In II.25, Ptahhotep speaks about the flames of the hot of heart. This is a complex religious and metaphysical subject that is also present in other African traditions that warn against hot-headedness and advise specific ceremonies meant to “cool the head”. In the Tablet of Yays and Nays I discussed this briefly while making the point that we should make philosophy tangible in physical reality.

But heat is not always and entirely bad: there’s a natural measure of warmth that humans need. Our closest ape relatives are very tactile, particularly during their first two years of life, and need constant physical and tactile reassurance from others. Vesta, the deity of the hearth and home, is symbolized by a sacred flame, a sacred warmth that is at the core of what it means to have a home. While doing research for my book, I stumbled upon research by Dr. Zhong which demonstrates that loneliness feels literally cold.

The Soul in Therapy and in Psychological Immunity

The near universality of notions about the soul or spirit seems to indicate an archetype. In other words, in addition to our physical traits, we are also born with instincts or psychological traits which find expression in religious concepts such as this one.

Just as humans engage in a victory dance that is similar to expressions of power that are universally seen in greater apes, similarly humans engage in a spiritual technique of reaching out for what the ancient Egyptians called the double (which they called the Ba), raising our arms to heaven in prayer. One rarely orients oneself towards the floor in prayer. This behavior may be archetypal, as it is seen in many cultures.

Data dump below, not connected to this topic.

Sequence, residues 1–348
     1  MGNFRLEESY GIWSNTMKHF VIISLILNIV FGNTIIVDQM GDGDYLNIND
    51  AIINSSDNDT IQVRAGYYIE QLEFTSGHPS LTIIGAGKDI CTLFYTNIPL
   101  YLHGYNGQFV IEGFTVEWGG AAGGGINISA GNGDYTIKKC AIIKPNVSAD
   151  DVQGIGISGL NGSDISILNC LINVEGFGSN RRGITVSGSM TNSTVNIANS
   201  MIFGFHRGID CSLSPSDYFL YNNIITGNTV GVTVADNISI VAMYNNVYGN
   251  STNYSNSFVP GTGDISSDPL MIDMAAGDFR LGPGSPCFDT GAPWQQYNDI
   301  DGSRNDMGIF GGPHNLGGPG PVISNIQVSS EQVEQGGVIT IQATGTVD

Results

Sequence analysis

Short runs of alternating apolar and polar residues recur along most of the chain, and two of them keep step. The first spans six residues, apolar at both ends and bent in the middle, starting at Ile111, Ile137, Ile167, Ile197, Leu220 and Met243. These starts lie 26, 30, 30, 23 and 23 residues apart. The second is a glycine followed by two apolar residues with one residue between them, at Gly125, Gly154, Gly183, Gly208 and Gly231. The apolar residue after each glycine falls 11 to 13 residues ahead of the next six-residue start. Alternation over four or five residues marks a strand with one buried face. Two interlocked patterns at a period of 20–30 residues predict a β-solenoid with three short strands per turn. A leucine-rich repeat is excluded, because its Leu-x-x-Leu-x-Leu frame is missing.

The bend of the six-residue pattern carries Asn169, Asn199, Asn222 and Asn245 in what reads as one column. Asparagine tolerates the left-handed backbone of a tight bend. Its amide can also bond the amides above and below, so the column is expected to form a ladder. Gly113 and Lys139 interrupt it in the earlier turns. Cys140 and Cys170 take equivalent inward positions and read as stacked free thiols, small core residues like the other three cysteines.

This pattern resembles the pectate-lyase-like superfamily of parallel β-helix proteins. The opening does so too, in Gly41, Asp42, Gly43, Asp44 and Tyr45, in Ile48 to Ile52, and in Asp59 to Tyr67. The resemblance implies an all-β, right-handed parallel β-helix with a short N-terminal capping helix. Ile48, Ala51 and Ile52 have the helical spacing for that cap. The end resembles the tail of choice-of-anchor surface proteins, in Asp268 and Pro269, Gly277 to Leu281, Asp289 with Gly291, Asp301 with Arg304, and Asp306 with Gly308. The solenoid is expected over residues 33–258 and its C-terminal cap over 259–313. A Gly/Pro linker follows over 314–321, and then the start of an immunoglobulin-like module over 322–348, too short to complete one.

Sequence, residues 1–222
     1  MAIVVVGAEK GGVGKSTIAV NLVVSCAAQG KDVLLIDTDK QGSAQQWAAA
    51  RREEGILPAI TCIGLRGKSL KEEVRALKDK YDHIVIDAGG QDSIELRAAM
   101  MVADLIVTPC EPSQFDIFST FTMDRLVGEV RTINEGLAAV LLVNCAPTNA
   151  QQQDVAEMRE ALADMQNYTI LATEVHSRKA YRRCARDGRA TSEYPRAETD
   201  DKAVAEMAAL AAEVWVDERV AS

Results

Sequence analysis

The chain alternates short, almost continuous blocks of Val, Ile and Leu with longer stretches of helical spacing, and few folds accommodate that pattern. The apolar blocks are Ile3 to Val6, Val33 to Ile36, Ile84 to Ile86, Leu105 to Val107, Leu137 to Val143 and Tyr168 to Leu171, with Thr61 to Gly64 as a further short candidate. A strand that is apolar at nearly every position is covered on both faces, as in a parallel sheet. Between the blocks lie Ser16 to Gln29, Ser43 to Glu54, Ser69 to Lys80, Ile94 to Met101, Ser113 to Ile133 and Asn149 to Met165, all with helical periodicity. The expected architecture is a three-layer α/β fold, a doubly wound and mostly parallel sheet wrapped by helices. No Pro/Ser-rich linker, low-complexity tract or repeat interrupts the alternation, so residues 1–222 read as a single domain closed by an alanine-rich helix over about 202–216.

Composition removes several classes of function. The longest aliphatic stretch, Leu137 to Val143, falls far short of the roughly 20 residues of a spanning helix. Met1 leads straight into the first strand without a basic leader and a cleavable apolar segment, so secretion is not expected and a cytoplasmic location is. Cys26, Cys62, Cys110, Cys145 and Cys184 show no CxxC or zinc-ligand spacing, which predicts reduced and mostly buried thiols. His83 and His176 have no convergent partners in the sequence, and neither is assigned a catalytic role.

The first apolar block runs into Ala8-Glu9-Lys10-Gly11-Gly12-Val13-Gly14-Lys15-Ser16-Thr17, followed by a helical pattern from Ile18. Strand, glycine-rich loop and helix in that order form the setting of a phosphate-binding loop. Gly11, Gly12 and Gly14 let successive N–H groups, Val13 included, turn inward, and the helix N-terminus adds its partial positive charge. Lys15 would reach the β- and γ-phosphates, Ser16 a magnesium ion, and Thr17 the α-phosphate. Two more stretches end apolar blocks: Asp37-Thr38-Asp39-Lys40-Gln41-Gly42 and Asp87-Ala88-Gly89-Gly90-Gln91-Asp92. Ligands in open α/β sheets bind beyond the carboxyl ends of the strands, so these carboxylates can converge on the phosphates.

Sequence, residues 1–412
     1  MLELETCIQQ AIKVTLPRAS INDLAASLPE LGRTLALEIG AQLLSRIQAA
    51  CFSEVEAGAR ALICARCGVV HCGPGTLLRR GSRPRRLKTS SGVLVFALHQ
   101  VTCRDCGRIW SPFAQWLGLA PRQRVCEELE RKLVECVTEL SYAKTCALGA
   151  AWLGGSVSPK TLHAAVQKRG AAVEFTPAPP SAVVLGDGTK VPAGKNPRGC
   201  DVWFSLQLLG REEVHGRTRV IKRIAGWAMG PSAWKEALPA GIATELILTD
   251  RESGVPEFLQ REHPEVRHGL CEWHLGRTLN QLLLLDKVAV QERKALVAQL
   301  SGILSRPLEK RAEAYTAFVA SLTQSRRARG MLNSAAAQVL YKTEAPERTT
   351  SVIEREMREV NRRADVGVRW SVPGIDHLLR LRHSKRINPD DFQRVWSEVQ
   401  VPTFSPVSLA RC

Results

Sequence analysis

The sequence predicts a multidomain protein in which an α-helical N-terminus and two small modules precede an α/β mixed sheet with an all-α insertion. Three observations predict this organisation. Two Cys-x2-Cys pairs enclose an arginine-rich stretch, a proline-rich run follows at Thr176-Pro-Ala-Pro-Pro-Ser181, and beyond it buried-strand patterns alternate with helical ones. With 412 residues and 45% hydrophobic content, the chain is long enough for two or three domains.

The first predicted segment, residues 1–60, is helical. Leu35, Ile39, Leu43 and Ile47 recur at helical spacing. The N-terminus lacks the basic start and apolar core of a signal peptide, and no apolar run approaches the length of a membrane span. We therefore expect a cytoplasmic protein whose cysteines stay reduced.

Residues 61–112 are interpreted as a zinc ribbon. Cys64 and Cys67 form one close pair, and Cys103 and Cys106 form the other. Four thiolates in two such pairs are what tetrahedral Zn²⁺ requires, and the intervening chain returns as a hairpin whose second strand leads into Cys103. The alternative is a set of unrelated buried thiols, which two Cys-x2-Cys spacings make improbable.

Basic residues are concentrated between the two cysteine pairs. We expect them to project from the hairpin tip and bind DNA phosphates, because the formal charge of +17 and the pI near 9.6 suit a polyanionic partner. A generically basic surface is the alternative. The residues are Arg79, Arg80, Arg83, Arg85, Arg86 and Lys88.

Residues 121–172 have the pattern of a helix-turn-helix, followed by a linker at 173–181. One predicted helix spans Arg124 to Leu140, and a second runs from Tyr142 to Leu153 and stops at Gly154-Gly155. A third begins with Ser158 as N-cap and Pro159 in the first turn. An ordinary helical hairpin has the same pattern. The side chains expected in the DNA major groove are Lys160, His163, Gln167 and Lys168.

Do we have an instinct to seek the better, wiser part of ourselves through communication? Epicurus seemed to believe we did. He plainly stated: “To pray is natural“. This says nothing about the supernatural beings or higher self that we may envision, but it does say something about human nature and about our natural and instinctive use of therapeutic means. Harvard psychologist Dan Gilbert suggested that humans have a psychological immune system in addition to a physical one.

The Egyptian notion of Ba finds its highest scriptural expression in Berlin Papyrus 3024, known as The Discussion between a man and his Ba, where the Ba or double clearly takes on the role of preserving the life of man. The best English translation of this papyrus is the book Rebel in the Soul, by Egyptologist Bika Reed. It includes very interesting clarifying comments. In this document we see all the subtleties of Ba as well as the very sophisticated metaphysical concepts that the Ancient Egyptians used to entertain.

The papyrus relates that a man is depressed and considering suicide, and argues with his Ba – which Bika Reed translates as ‘destiny’, but in the papyrus, this Ba is clearly personified and even has marked differences of opinion with the mortal ego, so that it is more appropriate to translate Ba as the ‘Spirit of destiny’, or maybe ‘the Future Self’. It is far beyond the scope of this article to relate this to Nietzsche’s Ubermansch, but because the Overman acted as Nietzsche’s euphemism for man’s destiny, I must at least mention that there seems to be a parallel concept here.